• Is there a support group or any other source of help?


Begin with a familiar tone: “Dear Mr X, It was a pleasure to meet you …” (box 1).

Later, a more formal tone may be appropriate, for example: “This letter summarises the information we discussed about your heart condition.”

Use the first and second persons, and the active rather than the passive voice. Compare “I have referred you to a chest specialist” with “A referral to a chest specialist has been made.”

Non-committal language helps convey uncertainty, for example: “As I explained, the tremor and stiffness in your right arm suggest that you may have Parkinson’s disease.”

Subheadings can help with clinical coding of the information22 but using too many headings in a “pro forma” layout makes the letter impersonal and harder to read.12

Consider incorporating standardised information about medical conditions in the letters, along with links to reputable information online, support groups, and patients’ electronic records if available. Include contact details for further support such as specialist nurses and therapists. Patient information leaflets can be posted with the letters.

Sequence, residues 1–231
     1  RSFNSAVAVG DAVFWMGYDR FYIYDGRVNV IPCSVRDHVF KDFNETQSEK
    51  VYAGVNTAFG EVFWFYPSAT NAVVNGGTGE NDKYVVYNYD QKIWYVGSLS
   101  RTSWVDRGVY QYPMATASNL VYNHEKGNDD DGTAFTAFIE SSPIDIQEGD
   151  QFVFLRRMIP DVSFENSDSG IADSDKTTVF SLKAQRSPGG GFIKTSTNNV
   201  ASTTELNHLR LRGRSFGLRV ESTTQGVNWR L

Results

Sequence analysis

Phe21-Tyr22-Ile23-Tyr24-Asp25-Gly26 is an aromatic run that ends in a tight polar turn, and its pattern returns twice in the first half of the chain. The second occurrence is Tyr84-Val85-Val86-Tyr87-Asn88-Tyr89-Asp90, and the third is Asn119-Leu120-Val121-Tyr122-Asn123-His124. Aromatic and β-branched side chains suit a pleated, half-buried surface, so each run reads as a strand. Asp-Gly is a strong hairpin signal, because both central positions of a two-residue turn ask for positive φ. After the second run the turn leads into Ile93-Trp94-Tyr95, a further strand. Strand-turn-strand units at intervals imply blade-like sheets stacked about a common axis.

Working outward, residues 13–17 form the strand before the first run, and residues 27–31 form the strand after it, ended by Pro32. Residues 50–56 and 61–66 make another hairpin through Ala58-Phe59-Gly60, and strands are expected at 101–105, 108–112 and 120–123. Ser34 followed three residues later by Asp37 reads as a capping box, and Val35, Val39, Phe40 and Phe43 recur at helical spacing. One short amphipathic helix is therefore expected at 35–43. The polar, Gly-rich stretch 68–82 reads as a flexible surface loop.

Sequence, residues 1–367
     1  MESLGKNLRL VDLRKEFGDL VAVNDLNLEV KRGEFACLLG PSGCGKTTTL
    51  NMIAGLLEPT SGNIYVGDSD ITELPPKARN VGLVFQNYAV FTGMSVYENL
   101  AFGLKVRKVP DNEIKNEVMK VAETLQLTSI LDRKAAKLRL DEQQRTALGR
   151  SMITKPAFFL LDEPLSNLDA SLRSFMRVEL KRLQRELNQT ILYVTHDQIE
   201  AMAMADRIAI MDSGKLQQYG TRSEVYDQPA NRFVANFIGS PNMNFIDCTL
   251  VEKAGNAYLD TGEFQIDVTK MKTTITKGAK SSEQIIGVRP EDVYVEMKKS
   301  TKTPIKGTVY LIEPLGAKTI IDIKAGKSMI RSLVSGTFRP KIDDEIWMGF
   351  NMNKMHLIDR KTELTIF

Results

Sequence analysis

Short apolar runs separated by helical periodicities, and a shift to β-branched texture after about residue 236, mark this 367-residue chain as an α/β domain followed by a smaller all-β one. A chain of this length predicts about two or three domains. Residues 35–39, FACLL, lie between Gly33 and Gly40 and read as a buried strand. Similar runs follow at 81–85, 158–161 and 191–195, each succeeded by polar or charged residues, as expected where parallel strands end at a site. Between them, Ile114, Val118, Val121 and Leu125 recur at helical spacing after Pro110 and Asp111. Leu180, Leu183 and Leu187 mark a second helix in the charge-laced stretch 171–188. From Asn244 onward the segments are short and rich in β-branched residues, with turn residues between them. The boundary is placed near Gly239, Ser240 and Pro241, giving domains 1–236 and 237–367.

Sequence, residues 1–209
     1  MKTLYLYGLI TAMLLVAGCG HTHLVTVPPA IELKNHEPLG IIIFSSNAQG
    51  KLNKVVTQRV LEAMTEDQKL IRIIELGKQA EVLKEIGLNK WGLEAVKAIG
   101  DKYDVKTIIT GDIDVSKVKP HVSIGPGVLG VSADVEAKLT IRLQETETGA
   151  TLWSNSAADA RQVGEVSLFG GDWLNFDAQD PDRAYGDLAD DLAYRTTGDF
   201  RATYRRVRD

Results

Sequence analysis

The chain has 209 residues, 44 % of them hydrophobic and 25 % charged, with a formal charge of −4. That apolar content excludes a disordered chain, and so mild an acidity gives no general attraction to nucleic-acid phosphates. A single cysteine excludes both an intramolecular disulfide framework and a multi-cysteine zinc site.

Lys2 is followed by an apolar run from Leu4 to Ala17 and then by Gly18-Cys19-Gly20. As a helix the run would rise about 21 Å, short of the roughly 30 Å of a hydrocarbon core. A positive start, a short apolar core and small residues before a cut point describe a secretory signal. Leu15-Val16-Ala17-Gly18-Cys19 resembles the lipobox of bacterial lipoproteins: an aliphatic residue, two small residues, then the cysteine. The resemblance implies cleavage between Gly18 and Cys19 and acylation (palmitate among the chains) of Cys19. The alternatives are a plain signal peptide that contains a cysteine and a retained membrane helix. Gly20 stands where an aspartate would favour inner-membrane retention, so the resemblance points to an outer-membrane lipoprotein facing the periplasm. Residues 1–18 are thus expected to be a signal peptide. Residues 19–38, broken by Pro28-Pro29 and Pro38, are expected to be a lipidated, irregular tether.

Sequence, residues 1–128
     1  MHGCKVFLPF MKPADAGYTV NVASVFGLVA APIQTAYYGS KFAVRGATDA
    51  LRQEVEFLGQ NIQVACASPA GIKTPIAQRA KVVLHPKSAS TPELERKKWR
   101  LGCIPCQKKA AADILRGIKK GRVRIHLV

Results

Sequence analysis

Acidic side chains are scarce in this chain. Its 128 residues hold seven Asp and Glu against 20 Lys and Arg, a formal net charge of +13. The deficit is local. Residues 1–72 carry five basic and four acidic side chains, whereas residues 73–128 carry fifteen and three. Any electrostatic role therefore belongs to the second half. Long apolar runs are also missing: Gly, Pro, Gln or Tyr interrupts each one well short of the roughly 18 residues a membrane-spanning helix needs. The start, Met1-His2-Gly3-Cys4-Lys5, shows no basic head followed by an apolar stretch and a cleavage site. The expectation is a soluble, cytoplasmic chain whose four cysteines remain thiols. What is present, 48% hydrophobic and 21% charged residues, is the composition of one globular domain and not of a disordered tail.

Avoid small print; use at least 11 point. Ask patients with visual impairment if large print, eg, 16 point, would be useful.

Avoid labelling—for example, choose “you have diabetes” instead of “you are a diabetic.”

Avoid judgmental comments—for example, choose “you decided not to continue with this pregnancy” rather than “you wanted an abortion” (which may be perceived as being affected by the clinician’s own opinion).23

For children, young people, and people with learning disabilities, include language and information appropriate for their stage of development.24 Consider when the use of images and diagrams—eg, graphs of results and treatment pathway diagrams—might be useful.252627

Avoid commonly misinterpreted words28—for example, “chronic” can be interpreted as “really bad.”